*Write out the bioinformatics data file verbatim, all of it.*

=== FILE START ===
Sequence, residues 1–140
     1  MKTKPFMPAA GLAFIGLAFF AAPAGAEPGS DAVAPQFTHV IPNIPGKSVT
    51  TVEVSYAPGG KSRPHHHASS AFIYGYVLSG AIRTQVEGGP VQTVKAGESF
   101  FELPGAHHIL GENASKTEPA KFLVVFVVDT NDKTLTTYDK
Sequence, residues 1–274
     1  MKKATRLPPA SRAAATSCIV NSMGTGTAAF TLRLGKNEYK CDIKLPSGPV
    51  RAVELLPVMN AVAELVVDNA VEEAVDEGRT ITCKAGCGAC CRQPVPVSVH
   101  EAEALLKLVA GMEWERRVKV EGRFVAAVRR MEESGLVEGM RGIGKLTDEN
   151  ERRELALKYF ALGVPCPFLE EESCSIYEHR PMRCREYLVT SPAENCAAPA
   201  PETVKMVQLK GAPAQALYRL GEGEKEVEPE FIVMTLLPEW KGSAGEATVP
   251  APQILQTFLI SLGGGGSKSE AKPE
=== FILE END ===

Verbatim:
Sequence, residues 1–140
     1  MKTKPFMPAA GLAFIGLAFF AAPAGAEPGS DAVAPQFTHV IPNIPGKSVT
    51  TVEVSYAPGG KSRPHHHASS AFIYGYVLSG AIRTQVEGGP VQTVKAGESF
   101  FELPGAHHIL GENASKTEPA KFLVVFVVDT NDKTLTTYDK
Sequence, residues 1–274
     1  MKKATRLPPA SRAAATSCIV NSMGTGTAAF TLRLGKNEYK CDIKLPSGPV
    51  RAVELLPVMN AVAELVVDNA VEEAVDEGRT ITCKAGCGAC CRQPVPVSVH
   101  EAEALLKLVA GMEWERRVKV EGRFVAAVRR MEESGLVEGM RGIGKLTDEN
   151  ERRELALKYF ALGVPCPFLE EESCSIYEHR PMRCREYLVT SPAENCAAPA
   201  PETVKMVQLK GAPAQALYRL GEGEKEVEPE FIVMTLLPEW KGSAGEATVP
   251  APQILQTFLI SLGGGGSKSE AKPE